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Hong Kong Today
Hong Kong Today
RTHK's morning news programme. Weekdays 6:30 - 8:00
Janice Wong and Mike Weeks


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Selected audio segments:
Carrie Lam set to revamp liberal studies curriculum  Listenfacebook
The education industry lawmaker, Ip Kin-yuen, has demanded Chief Executive Carrie Lam apologise for claiming that some school lessons are being used to give children "false and biased information". Lam told the pro-Beijing Ta Kung Pao newspaper that she's concerned some subjects, such as liberal studies, could have been "penetrated", and students are being "poisoned". She said the government will map out the future of the liberal studies curriculum later this year. Damon Pang has the story:
Police defend use of pepper balls inside Moko mall  Listenfacebook
Police have revealed that around 230 people were arrested over the anti-government protests which cropped up across Hong Kong on Sunday, while health officials confirmed that 18 people, including a pro-democracy lawmaker, were sent to hospital. Vicky Wong reports:
Concerns raised over school student journalists   Listenfacebook
Concerns have been raised over the accreditation and safety of journalists after two secondary school pupils reporting for a student-run social media platform were arrested during Sunday's anti-government protests. The 12-year-old boy and 16-year-old girl were taken to a police station before being released. Leading journalist groups have also decried the treatment of reporters by police during the weekend unrest. Janice Wong asked the Chairman of the Hong Kong Journalists Association, Chris Yeung, whether it’s appropriate to allow such young people to cover protests:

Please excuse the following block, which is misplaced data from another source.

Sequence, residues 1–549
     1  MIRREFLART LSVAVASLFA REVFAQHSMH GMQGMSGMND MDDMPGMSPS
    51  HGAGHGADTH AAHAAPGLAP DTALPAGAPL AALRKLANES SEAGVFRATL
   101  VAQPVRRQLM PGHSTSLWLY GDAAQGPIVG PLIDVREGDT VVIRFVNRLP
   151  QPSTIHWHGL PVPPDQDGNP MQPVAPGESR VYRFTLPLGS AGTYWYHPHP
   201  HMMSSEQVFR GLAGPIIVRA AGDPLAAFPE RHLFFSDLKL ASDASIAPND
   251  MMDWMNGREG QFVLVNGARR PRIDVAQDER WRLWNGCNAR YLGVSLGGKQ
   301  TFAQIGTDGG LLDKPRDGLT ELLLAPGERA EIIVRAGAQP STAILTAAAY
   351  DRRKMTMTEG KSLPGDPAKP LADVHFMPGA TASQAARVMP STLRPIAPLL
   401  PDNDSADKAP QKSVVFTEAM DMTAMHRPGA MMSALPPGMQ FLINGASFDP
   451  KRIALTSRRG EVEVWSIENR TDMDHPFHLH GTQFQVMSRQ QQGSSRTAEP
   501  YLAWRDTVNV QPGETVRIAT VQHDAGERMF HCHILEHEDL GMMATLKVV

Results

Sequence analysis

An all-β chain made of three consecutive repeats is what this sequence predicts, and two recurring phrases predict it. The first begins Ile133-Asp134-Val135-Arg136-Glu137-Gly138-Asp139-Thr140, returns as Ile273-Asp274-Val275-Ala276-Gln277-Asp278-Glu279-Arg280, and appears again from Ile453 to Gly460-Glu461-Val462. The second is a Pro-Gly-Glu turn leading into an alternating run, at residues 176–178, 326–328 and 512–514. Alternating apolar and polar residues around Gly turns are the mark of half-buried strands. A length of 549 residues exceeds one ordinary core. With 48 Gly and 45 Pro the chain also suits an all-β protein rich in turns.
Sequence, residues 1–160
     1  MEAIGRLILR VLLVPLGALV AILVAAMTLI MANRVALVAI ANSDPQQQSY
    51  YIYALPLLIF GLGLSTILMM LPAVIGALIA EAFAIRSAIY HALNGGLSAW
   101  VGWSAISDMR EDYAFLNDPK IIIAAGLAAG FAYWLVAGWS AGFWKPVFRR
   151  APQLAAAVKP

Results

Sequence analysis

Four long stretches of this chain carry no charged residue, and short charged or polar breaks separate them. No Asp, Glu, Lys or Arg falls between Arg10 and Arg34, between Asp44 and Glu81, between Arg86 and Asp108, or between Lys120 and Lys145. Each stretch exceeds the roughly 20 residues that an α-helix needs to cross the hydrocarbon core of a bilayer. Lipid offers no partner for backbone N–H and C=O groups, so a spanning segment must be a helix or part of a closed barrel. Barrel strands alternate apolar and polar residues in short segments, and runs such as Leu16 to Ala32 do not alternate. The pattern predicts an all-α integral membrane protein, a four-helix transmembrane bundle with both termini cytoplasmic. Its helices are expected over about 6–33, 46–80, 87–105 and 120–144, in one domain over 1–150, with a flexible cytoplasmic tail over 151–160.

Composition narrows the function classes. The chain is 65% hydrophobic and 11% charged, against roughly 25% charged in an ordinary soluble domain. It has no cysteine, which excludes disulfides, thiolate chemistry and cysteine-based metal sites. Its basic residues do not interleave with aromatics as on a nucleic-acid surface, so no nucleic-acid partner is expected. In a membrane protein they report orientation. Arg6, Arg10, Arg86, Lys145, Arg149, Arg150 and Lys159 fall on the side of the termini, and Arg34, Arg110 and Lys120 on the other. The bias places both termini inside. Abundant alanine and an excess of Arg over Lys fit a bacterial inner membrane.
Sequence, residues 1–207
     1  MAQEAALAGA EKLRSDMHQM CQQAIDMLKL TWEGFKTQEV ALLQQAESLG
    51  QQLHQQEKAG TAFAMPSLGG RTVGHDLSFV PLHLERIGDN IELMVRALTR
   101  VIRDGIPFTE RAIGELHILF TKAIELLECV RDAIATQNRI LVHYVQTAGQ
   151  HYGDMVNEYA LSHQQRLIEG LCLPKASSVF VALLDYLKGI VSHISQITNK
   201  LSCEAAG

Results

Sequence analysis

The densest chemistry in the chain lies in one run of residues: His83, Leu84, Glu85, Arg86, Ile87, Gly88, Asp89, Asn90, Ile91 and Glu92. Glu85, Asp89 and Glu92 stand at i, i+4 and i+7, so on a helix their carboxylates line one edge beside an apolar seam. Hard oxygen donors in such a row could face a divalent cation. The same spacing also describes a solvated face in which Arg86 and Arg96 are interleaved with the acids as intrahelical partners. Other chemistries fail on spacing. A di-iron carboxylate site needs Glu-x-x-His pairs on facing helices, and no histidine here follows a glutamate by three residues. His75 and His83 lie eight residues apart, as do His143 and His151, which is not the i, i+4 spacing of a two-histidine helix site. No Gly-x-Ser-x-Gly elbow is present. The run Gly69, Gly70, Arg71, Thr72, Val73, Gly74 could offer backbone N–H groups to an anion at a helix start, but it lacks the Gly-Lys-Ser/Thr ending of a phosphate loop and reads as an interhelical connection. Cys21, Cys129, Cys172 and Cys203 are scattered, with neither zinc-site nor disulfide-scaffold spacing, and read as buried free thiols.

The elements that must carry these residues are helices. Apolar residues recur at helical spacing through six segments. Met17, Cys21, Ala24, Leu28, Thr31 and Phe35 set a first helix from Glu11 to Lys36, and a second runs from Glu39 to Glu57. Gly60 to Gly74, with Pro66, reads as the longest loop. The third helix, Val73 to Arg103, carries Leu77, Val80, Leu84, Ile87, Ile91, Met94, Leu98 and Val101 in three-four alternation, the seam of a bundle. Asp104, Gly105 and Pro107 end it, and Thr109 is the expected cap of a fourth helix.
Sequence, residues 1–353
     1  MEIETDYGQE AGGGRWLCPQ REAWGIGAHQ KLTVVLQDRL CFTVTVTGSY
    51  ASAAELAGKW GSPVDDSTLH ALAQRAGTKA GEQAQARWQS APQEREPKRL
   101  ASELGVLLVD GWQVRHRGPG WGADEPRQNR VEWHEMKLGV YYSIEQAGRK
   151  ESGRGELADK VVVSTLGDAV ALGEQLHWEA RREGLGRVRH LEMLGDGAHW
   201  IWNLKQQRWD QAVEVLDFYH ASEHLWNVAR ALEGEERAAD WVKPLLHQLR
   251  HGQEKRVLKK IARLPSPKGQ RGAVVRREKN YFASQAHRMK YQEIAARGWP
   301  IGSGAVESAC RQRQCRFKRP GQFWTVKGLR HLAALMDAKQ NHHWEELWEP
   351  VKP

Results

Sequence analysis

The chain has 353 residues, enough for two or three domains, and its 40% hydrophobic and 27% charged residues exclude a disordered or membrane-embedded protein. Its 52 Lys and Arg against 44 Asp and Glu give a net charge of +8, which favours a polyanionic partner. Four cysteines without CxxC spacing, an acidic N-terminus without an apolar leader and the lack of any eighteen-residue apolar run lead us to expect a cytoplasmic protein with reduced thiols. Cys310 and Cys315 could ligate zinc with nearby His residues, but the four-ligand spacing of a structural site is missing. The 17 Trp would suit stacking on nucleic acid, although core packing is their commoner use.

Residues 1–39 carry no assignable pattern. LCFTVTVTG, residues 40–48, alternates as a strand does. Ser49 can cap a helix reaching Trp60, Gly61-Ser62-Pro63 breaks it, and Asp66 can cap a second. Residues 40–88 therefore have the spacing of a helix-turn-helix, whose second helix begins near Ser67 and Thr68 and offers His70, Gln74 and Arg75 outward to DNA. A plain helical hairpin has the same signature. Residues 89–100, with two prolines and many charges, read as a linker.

Regina Ip tells RTHK to cut TV satire and commentaries   Listenfacebook
The head of RTHK, Leung Ka-wing, has again apologised to those who were offended by one of its programmes late last year, that criticised the police handling of the anti-government protests. Regulators gave the public broadcaster a serious warning over an episode of the show Pentaprism, in which an Education University lecturer quoted a foreign correspondent as saying the Hong Kong police were scarier than the Islamic State terrorist group. New People's Party chair Regina Ip also criticised RTHK during Monday's meeting of the Legislative Council's IT and broadcasting panel. Mike Weeks asked her for her reaction to the Director of Broadcasting’s apology:
Respiratory expert not concerned about mask filter  Listenfacebook
No new cases of coronavirus were reported on Monday. Hong Kong has now gone 22 days without any local transmission of Covid-19 and HongKong Post has now started delivering the government’s reusable masks. The official spearheading the mask handout, the Secretary for Innovation and Technology, Alfred Sit, says he's checking with suppliers about concerns that people could inhale copper particles from the filter, but stressed the masks have undergone repeated tests. Medical Association respiratory expert Leung Chi-chiu told RTHK’s Joanne Wong that while he has some concerns about the reusable masks, the copper filter is not one of them:
Government seeks emergency funds to save Ocean Park  Listenfacebook
The fate of Ocean Park hangs in the balance, according to the government. It says the theme park desperately needs HK$5.4 billion in emergency funding, or it could close as early as next month. Frances Sit reports:
Homeless ‘lacking support’ under coronavirus restrictions  Listenfacebook
The Social Welfare Department has been accused by lawmakers of failing to provide proper support and protection for street sleepers, after a group was allegedly assaulted by nine police officers in Sham Shui Po in February. Assistant director Pang Kit-ling defended the department, saying outreach teams had been given the task of helping them. But Labour Party lawmaker Fernando Cheung said the government should take a more pro-active role. He also told Violet Wong that more people may soon be sleeping on the streets due to the economic crisis triggered by Covid-19: